Originally published on Advisor Perspectives
Advisor conferences are great for learning about complex investment and planning topics. But they fail to offer sessions that would give advisors the tools to use this knowledge effectively.
Here’s my suggestion to remedy that problem.
Dear Event Sponsor,
You do a lot of good for advisors. They benefit from the information you provide at your conferences. I’ve attended many of them, and really value the experience.
Before I get to my recommendation, I want to tell you a story. I pulled it from Descartes’ Error, a well-known book by Antonio Damasio. Dr. Damasio is a university professor and the David Dornsife professor of neuroscience, professor of psychology, professor of philosophy, and director of the brain and creativity institute at the University of Southern California. He is also an adjunct professor at the Salk Institute in La Jolla, California. He is a recognized authority on brain processes underlying emotions, feelings, decision-making and consciousness.
He and his wife Hanna, who is also a neurologist, have created one of the world’s largest databases of brain injuries, comprising hundreds of studies of brain lesions and diagnostic images.
Damasio was asked to see a patient who suffered damage to the pre-frontal lobe of his brain, caused by the removal of a brain tumor. He called the patient “Elliot.”
Elliot had undergone a radical change of personality. Prior to his operation, he had a good job and a happy marriage. He was considered a model for his younger siblings and colleagues. Post-surgery, his condition deteriorated to the point where he could no longer hold a job, was divorced and was living with a sibling, who looked after him. As Damasio put it, while his intelligence and language skills were intact, “Elliot was no longer Elliot.”
Damasio described Elliot as “pleasant and intriguing.” He was “coherent and smart,” able to discuss political affairs, and had a “flawless memory for his life story.” The removal of the brain tumor had no impact on his ability to process information. He was fully aware of what was occurring in the world around him. He had no trouble remembering names, dates and other details he heard on the news.
But the operation left Elliot with a major deficit. He was unable to experience emotion. When he was shown emotionally charged images (burning buildings, terrible accidents, people who were drowning), his reaction was indifferent. They stirred up no emotions (positive or negative) in him.
Elliot was fully aware that before the operation those images would have evoked a powerful response, but he could not explain why they no longer had any impact on him.
His inability to experience emotion affected his ability to make decisions. He could assess the merits of a given task (like whether to buy or sell a stock), but he was generally incapable of deciding between the available options. He obsessed over how to perform basic tasks, apparently paralyzed by his choices. According to Damasio, “I began to think that the cold-bloodedness of Elliot’s reasoning prevented him from assigning different values to different options.”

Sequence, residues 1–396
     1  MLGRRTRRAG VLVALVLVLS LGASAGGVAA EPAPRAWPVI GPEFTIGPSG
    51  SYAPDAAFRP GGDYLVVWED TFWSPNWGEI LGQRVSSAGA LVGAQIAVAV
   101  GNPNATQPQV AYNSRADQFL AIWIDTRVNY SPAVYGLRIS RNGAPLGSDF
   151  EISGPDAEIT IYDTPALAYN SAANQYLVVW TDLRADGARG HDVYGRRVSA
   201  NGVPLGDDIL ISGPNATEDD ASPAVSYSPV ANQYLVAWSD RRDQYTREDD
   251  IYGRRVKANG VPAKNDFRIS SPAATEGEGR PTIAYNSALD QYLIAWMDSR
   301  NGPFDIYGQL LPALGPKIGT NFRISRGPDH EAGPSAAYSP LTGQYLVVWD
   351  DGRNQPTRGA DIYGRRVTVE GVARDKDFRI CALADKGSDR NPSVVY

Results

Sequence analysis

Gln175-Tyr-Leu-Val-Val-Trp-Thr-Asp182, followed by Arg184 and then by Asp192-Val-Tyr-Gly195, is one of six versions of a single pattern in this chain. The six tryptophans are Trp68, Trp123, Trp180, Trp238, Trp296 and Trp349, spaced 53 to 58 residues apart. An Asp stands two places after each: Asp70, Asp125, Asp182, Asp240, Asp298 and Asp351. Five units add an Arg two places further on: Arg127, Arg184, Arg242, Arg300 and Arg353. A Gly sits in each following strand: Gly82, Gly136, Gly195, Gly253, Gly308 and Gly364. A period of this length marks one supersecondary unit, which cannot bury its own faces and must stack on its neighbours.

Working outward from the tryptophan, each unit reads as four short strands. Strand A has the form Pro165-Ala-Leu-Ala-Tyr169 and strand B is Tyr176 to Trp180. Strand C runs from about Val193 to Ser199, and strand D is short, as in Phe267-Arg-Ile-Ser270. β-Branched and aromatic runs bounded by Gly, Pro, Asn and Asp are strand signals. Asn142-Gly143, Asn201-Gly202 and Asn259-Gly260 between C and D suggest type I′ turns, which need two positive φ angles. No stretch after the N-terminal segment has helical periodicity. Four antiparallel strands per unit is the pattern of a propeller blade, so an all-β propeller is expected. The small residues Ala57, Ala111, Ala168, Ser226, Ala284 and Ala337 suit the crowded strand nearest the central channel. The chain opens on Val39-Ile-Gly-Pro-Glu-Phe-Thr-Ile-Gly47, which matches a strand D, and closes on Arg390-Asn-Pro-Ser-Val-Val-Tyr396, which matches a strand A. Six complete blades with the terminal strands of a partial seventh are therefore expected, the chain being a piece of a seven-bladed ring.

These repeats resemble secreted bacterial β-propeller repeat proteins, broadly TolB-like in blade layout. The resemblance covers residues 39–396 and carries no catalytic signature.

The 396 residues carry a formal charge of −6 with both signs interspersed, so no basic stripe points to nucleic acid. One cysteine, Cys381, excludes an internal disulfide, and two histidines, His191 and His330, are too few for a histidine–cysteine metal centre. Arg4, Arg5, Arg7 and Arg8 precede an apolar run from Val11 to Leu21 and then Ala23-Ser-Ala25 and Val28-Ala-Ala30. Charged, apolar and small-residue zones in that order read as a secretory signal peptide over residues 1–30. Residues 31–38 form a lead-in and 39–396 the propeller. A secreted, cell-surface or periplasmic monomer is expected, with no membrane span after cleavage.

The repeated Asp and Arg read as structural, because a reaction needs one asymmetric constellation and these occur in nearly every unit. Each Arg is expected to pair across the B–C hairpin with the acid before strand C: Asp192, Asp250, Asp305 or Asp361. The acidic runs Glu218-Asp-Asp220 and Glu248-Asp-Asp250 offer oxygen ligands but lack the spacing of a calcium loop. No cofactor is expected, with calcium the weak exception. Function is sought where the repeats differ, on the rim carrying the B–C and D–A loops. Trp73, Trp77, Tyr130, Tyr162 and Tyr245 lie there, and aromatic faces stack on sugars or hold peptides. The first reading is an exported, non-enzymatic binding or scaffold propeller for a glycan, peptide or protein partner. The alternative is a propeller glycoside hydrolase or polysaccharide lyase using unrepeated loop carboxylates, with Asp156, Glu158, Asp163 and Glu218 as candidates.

Damasio’s conclusion was unequivocal: When emotion is impaired, decision-making meets the same fate. Damasio’s view of the importance of emotions in decision making is shared by psychological scientists who, “now assume that emotions are the dominant driver in most decisions in life.”
Why am I telling you this story?
Unless attendees at conferences can learn how to make an emotional connection with prospects and clients, all their expertise will have little impact. Of course, they need to understand withdrawal strategies, the future of Social Security and Medicare, factor-based investing, estate planning and tax efficiencies. But this knowledge will be unavailing without input about how to convey it so it is heard, understood, evaluated and processed.
Here are some session suggestions:
- How to stop talking and engage in active listening.
- Neuroscience 101: What happens when you empower others to talk about themselves?
- Are you “curiosity challenged?”
- The difference between authenticity and sincerity.
- The real skinny on empathy.
- What you can learn from buying a loved one a gift.
- What’s going on in the brain of others when you are talking?
- Do you have conversational blind spots?
- The power of non-persuasion.
- Why you and I can look at the same video and see different things.
- Harness of power of “contagious emotions.”
- How to make an emotional connection that rivals psychic power.
I’m not trivializing the fact-based education you provide. But what you are doing is akin to serving food without utensils.